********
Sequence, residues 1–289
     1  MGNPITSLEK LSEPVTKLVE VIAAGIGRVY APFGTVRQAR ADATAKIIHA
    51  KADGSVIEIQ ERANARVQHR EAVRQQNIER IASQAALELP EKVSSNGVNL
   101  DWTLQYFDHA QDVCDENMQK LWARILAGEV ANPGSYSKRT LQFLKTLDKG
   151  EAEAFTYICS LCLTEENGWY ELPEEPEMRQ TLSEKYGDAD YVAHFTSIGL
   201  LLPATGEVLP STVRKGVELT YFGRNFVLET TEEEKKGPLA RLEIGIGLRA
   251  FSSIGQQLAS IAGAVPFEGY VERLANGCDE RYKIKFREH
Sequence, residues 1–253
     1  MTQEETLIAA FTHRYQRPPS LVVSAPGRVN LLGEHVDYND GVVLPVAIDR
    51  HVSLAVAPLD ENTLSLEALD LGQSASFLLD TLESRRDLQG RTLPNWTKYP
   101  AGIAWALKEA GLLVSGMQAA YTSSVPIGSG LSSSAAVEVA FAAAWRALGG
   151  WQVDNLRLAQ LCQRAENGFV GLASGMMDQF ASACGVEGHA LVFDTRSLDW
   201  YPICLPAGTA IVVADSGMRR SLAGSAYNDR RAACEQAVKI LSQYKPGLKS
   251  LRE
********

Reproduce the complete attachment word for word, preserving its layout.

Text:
Sequence, residues 1–289
     1  MGNPITSLEK LSEPVTKLVE VIAAGIGRVY APFGTVRQAR ADATAKIIHA
    51  KADGSVIEIQ ERANARVQHR EAVRQQNIER IASQAALELP EKVSSNGVNL
   101  DWTLQYFDHA QDVCDENMQK LWARILAGEV ANPGSYSKRT LQFLKTLDKG
   151  EAEAFTYICS LCLTEENGWY ELPEEPEMRQ TLSEKYGDAD YVAHFTSIGL
   201  LLPATGEVLP STVRKGVELT YFGRNFVLET TEEEKKGPLA RLEIGIGLRA
   251  FSSIGQQLAS IAGAVPFEGY VERLANGCDE RYKIKFREH
Sequence, residues 1–253
     1  MTQEETLIAA FTHRYQRPPS LVVSAPGRVN LLGEHVDYND GVVLPVAIDR
    51  HVSLAVAPLD ENTLSLEALD LGQSASFLLD TLESRRDLQG RTLPNWTKYP
   101  AGIAWALKEA GLLVSGMQAA YTSSVPIGSG LSSSAAVEVA FAAAWRALGG
   151  WQVDNLRLAQ LCQRAENGFV GLASGMMDQF ASACGVEGHA LVFDTRSLDW
   201  YPICLPAGTA IVVADSGMRR SLAGSAYNDR RAACEQAVKI LSQYKPGLKS
   251  LRE